It's been over a week - and still no Wellington election results... The local body elections are obviously not taken seriously by the majority of the population - witness a voter turnout barely over 40%. It's sad that Wellington - supposedly New Zealand's creative and cultural center - can be so influenced by such a turn of apathy, that people have failed to recognize the significance of this election for the future of our city.
We're on the brink of some massive infrastructural changes - construction of the Te Aro bypass is ready to begin, the future of Wellington's waterfront area is totally uncertain. In recent years, the City Council has become a key driving force in overriding democratic legislation and processes of public review and consultation, to fast track a number of initiatives for development across the city, most of which involve turning public parks and green space into commercial property.
Kerry Prendergast said in a recent interview, that creative industries were a key part of the council's development strategy. The problem being that Wellington is a very small city, and its not clear where these creative industries will find the space to grow, develop, and prosper, when every available square metre of property in the central city is being turned into residential appartments. Goodbye WACT, goodbye The Surgery, goodbye Plan9, Oak Park, The Factory, and the Cable St Studio, not to mention the Community Law Center, the Womens Health Center, and Volunteer Wellington. They've all been kicked out of their spaces in recent months to make way for residential development. Rex Nicholl's (property developer, and husband of our good Mayor) website uses phrases like "moving upmarket" and "the quality upgrading of upper Cuba street" to describe his plan to build a tower and motel complex with car parking facilities right next door to aforementioned bypass - an "extension/revitalization".
I want to say this again, just to make the point doubly clear. Wellington is a small city - in fact, not even a city, a small town. The scale of our urban development is so small, we couldn't even compare it to Auckland or Sydney, and the same goes for our supposed traffic problems. Now Wellington, for all it's small scale, has a sense of urbanity that I don't think is comparable to any other city of this size. There is a real inner city culture, an extraordinary diversity of urban architecture, and real sense of history and place, all in a compact little fold of less than 200,000 people. And within that small population, it's clear that there are some significant ruptures and differences, all which are played out in these elections. Prendergast's support is concentrated in the Northern Suburbs, amongst people who view the inner city as a giant carpark and shopping mall. The bypass is a good thing for these people, because it will save them 1 minute driving across town in peak hour traffic. Prendergast's opponents are a multitude of diverse factions, at all levels of the beaureacracy and urban community, from the city councillors who believe in that quaint notion that being involved in the city council is a service to the public, all the way to the residents of Te Aro who know what it means to be part of a living city.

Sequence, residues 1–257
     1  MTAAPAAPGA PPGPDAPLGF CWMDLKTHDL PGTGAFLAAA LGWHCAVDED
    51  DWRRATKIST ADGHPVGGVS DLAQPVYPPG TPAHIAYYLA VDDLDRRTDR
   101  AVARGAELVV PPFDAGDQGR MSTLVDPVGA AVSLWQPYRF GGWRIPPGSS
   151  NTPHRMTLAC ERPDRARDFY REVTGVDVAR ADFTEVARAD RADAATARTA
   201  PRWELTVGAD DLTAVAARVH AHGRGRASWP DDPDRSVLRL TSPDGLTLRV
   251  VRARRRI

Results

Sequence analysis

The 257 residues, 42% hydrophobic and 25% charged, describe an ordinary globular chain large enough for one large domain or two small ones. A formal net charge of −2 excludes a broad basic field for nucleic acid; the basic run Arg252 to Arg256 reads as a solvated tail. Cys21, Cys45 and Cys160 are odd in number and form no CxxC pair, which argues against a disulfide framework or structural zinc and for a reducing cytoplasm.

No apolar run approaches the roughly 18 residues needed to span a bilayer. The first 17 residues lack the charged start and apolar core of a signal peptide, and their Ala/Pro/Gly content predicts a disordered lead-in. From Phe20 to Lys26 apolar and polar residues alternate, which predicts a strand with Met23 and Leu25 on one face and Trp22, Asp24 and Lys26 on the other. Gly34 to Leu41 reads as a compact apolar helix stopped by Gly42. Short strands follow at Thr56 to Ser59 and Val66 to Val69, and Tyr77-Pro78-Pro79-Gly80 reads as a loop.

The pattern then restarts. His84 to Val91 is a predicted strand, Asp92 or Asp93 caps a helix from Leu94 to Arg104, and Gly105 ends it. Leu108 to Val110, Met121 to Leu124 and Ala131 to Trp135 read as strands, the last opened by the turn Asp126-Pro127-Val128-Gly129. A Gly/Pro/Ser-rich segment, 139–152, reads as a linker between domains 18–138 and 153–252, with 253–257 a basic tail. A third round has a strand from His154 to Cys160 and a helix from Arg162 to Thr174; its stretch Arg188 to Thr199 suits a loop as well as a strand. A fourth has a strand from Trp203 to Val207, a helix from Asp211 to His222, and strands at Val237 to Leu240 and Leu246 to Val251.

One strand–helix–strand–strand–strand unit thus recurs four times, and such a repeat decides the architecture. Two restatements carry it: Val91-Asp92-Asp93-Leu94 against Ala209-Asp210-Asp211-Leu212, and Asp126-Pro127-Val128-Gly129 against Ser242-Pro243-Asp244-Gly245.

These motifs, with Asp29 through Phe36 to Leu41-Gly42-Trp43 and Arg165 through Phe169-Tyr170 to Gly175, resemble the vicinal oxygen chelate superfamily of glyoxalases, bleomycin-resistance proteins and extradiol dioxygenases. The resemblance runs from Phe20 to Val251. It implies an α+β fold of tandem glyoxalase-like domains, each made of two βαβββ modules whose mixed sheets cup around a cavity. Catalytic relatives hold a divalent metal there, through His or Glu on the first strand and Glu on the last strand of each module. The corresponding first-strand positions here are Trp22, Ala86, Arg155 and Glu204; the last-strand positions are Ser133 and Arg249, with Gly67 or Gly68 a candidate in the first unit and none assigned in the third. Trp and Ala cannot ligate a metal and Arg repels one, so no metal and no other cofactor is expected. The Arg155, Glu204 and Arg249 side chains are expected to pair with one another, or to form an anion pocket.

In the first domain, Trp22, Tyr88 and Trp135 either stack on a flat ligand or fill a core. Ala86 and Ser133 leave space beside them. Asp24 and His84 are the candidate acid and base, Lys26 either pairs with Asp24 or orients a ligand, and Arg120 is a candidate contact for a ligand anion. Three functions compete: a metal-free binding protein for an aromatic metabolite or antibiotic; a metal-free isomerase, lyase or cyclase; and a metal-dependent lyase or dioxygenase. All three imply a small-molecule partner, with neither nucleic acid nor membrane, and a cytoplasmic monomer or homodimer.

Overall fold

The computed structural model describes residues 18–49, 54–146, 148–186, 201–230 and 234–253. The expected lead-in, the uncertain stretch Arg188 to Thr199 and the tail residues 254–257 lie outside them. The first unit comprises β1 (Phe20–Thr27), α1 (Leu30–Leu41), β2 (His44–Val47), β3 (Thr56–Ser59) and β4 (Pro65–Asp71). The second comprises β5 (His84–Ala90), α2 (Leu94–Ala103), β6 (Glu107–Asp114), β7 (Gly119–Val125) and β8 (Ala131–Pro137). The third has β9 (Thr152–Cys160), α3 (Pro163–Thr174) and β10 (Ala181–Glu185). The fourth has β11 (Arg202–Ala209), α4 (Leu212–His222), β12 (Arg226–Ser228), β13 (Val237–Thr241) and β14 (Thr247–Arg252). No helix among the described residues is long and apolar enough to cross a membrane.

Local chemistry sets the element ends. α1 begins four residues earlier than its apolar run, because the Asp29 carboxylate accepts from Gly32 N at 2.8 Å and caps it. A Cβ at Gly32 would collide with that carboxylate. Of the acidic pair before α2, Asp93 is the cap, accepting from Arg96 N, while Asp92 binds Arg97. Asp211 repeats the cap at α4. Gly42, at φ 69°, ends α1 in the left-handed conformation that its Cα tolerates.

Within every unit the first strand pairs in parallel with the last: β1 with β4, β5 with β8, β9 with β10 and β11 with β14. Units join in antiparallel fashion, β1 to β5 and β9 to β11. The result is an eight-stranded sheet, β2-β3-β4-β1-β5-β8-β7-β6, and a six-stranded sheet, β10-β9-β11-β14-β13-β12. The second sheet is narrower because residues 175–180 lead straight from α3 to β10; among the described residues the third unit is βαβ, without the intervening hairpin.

So it does come down simply to a zoning battle. It's Tawa and Johnsonville against Te Aro. And what we stand to lose is fairly important - the only things that make our city any different from anywhere else in the world, the original Cuba Street, and the green spaces and public areas of our Waterfront.
With all the interest in the recent publication of David Lange's anti nuclear speech, it's worth noting that our Mayor Prendergast was planning to remove the nuclear free sign at Wellington airport recently - needless to say, this ill conceived plan was met with public outrage, and to the best of my knowledge the sign remains - though it's now dwarfed by gigantic advertising billboards. Some issues it seems - will never fail to rouse the awareness of the New Zealand public. But enough to participate in local body elections? It seems not. Let's just be thankful that we don't have to vote in the United States.